Offences at other site bumps up fine for Rhone-Poulenc

In an indication that the courts are beginning to take account of companies' overall prosecution record in setting fines for pollution offences, Rhone-Poulenc has received a hefty fine for a first offence involving a relatively small ammonia release from its Gloucester site.

Rhone-Poulenc bought the Gloucester works in 1989. The site is in an urban area, and over the years has received several complaints about its ammonia releases.

On 1 March, roughly ten kilograms of ammonia were emitted from a gas scrubber on the site's ethylenediamine tetracetic acid plant. The release continued for up to one hour, until the company was alerted to the problem by several local complainants.

Most of the ammonia released from the EDTA plant is recovered by vacuum stripping. Secondary abatement is provided by a wet scrubber using deionised water. However, the flow alarm on the scrubber feed system had not been replaced after suffering frost damage some weeks before the incident. The meter therefore failed to detect a low level in the deionised water tank, so that the flow of water to the scrubber ceased. In addition, an ammonia monitor on the scrubber stack did not respond to the greatly increased ammonia concentrations in the emission.

Appearing before Gloucester magistrates on 29 November, Rhone-Poulenc pleaded guilty to a charge brought by HM Inspectorate of Pollution (HMIP) under section 5(1) of the Health and Safety at Work Act 1974 of failing to use the best practicable means to prevent the release. It was fined £12,000, and ordered to pay HMIP's costs of £5,400.

It is common for the courts to take account of previous convictions at the same site when setting fines. The Gloucester site had no track record of prosecutions - but the court decided to take into account Rhone-Poulenc's conviction two years ago for releases from its Avonmouth site in Bristol, which resulted in a £10,000 fine (ENDS Report 214, p 44 ). The move will be of some concern to businesses which operate a range of manufacturing sites.

In mitigation, Rhone-Poulenc said that the ammonia detector had been fitted and tested in accordance with the manufacturer's instructions. However, the instrument failed to introduce the sample properly to the ammonia detector - a fault which had not been picked up during testing because of the low routine levels of the emission. Rhone-Poulenc is now investigating alternative ammonia detection systems and has not ruled out secondary action against the instrument supplier.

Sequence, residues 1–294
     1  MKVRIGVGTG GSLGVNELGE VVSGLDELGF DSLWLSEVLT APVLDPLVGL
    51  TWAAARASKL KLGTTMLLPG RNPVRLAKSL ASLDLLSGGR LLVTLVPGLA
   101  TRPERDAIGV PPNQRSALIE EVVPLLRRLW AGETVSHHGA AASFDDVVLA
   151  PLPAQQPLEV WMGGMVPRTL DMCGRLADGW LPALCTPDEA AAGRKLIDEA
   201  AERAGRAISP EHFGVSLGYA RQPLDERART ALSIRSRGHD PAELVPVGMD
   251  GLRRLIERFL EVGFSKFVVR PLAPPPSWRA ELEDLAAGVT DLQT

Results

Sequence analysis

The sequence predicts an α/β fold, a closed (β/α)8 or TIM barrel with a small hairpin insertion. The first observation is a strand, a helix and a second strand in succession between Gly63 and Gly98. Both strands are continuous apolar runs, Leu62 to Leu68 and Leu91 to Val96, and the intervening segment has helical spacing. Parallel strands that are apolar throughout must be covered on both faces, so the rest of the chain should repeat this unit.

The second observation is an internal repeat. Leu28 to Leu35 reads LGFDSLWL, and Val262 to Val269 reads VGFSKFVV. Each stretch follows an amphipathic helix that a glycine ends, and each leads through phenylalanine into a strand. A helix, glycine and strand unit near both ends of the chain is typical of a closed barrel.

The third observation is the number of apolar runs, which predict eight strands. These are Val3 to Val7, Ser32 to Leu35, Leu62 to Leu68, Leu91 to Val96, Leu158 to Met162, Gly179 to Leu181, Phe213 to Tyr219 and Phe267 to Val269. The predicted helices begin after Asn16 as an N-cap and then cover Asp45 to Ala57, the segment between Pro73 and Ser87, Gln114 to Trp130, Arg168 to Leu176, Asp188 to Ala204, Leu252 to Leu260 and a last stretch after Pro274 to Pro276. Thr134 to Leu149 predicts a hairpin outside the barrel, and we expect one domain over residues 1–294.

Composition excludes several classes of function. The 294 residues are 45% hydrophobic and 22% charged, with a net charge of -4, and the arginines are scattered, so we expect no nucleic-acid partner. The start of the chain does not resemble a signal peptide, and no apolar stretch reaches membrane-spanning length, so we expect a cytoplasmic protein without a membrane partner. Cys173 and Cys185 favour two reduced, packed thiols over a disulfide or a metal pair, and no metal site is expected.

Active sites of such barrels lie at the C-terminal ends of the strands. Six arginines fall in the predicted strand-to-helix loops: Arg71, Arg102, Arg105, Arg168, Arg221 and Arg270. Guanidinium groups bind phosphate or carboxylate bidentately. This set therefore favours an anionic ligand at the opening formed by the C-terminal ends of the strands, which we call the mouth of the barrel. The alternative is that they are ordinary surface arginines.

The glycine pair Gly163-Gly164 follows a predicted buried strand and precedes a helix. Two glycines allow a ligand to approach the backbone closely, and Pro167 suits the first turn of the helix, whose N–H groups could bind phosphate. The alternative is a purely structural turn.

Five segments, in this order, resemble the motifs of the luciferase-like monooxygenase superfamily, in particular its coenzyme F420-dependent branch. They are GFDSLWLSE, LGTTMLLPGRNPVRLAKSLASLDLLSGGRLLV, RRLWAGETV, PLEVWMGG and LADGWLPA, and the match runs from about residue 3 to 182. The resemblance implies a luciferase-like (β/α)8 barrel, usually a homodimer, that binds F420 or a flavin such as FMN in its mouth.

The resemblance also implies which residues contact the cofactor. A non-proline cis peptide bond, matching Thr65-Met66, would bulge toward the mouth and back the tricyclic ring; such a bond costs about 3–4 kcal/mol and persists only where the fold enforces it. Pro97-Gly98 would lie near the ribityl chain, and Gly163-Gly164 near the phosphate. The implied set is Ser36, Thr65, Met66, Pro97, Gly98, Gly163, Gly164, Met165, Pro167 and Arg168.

Dr John Jackson, Head of HMIP's South West Region, commented after the hearing that "this case was taken because the company was clearly not in control of operations on the site; the public shouldn't be first to find out that control has been lost. I hope that this serves to demonstrate that the Inspectorate requires the very highest standard of responsible care to the environment". Rhone-Poulenc was less than thrilled by his clear reference to the Chemical Industries Association's Responsible Care programme, of which it is a prominent supporter.

The case has also raised questions over HMIP's overall prosecution policy. In recent months, it has served a large number of enforcement notices on chemical companies following a series of incidents. Several concerned management shortcomings and fairly significant unauthorised releases, notably an escape of five tonnes of vinyl chloride from ICI's Runcorn works (ENDS Reports 235, pp 6-7  and 237, pp 3-6 ).

An enforcement notice does not preclude later prosecution. But in some HMIP regions possible prosecutions for relatively serious incidents have been dropped because of a lack of resources.

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